Considering the high fat content of so many foods, it can be easy to exceed the daily fat allowance by lunchtime! If you are aware of you fat intake and choose foods that contain unsaturated fats instead of trans and saturated fats, you will be protecting your heart health and be maintaining a healthy weight at the same time.

Mary D. Jordan / February 11, 2015 / Fat-fighting

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The Battle Of The Fats. Good Fats VS Bad Fats

For many years it was widely believed that all fat should be avoided. Unsaturated fat, saturated fat and trans fat were all considered equally bad. However, with advancement in science it has now been discovered that fat, and the way in which our bodies process it, is much more complex than previously thought.

In order to function optimally, our bodies need some fat – but it needs the right kinds of fats, and it needs them in moderation. While some fats should be avoided at all costs, some fats are actually good for you. Which Is Which?

According to Alexa Schmitt, RD from the Massachusetts General Hospital where she works as a clinical nutritionist, polyunsaturated fats and mono-unsaturated fats are good fats, and saturated fats should be consumed in moderation. However, trans fats should be avoided completely since they increase cholesterol levels. This comes with an increase in a variety of health conditions and illnesses including heart disease and stroke when levels of certain kinds of cholesterol are increased. Particularly dangerous is the LDL (low-density lipoprotein) cholesterol which is also known as “bad” cholesterol.

How To Know Which Food Contain Which Fats? As an overall guide, according to Schmitt fats that are liquid when they are at room temperature such as olive oil are a better option than those that are semi-solid at room temperature such as margarine and butter. The following tips can help you to choose a diet that is rich in polyunsaturated fats and mono-unsaturated fats while being low in trans fats.

Monounsaturated Fat
Sources: olive oils, canola, avocados and most nuts.

Tips: Instead of spreading cream cheese on your bagel, choose avocado. When making mashed potatoes, instead of using butter and whole milk, use garlic and olive oil.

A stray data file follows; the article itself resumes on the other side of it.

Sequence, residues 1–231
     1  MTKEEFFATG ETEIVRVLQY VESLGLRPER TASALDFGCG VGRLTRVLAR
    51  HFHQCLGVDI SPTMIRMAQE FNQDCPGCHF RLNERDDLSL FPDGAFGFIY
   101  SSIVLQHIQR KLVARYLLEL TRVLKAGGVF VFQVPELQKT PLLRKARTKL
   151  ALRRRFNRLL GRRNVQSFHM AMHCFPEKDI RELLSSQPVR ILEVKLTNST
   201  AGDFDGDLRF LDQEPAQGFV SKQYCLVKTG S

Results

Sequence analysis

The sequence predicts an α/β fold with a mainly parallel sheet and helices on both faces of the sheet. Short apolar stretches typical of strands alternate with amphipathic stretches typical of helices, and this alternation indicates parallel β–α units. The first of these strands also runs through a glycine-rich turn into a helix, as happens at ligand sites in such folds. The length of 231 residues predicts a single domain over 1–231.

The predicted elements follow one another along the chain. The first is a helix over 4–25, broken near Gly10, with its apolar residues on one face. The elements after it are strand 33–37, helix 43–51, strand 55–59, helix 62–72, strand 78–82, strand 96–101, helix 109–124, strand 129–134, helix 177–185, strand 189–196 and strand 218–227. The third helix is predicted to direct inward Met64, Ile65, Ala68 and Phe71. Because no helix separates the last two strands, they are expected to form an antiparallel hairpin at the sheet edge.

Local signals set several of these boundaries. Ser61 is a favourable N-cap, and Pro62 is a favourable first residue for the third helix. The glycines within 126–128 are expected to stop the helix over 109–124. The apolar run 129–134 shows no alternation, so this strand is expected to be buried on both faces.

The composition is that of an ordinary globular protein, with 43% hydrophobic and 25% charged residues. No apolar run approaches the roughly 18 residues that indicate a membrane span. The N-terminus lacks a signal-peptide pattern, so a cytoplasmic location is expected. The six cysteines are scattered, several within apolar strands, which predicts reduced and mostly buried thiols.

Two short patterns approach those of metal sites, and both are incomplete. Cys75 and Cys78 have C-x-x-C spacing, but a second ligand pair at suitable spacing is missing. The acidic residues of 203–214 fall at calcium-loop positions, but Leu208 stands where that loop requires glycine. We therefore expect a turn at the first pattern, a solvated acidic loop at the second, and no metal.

Polyunsaturated Fat
The two types of poly-unsaturated fat are: omega-3 and omega-6. The average American diet contains plenty of omega-6 fats from vegetable oils, so the focus needs to be on omega-3. The best sources of omega-3 fats are flaxseed, walnuts, and fish such as tuna and salmon.

Tips: Add a tablespoon of ground flaxseed to your cereal or oatmeal in the morning.
Eat a handful of walnuts as a snack.
Add ground flaxseed to your baking mixtures.

Saturated Fat
Fatty meats like salami, red meat and dairy products such as butter and cream are all sources of saturated fats, along with thicker vegetable oils such as kernel oil, palm oil and coconut oil.

Tips: While you may still enjoy a steak occasionally, try to keep saturated fats to 10% or less of your daily diet.

Trans Fat
This fat is the result of adding hydrogen to vegetable oil. The purpose of this process is to extend the shelf life of packaged and processed foods which include bakery products like crackers and cookies.

Tips: The current guidelines from the Food and Drug Administration (FDA) mean that if a product contains less than 0.5 grams of trans fat per serving they may call their product “trans fat free”. Check the food labels on processed food for “partially hydrogenated” and “hydrogenated oils in the list of ingredients since these words indicate that the food may have up to 0.5 grams of trans fat per serving. If you eat just a few servings, you are ingesting a substantial amount of tans fat.

It is wise to be an educated and aware shopper. Try to do most of your shopping on the perimeter of the grocery store where the fresh food is located, and limit your visits to the inside aisles where the trans fat foods are kept. Sticking to fresh and frozen vegetables and fruits along with fresh whole grains from the bakery and lean cuts of fish and meat will improve your level of healthy fat.

Mary D. Jordan / February 6, 2015 / Fat-fighting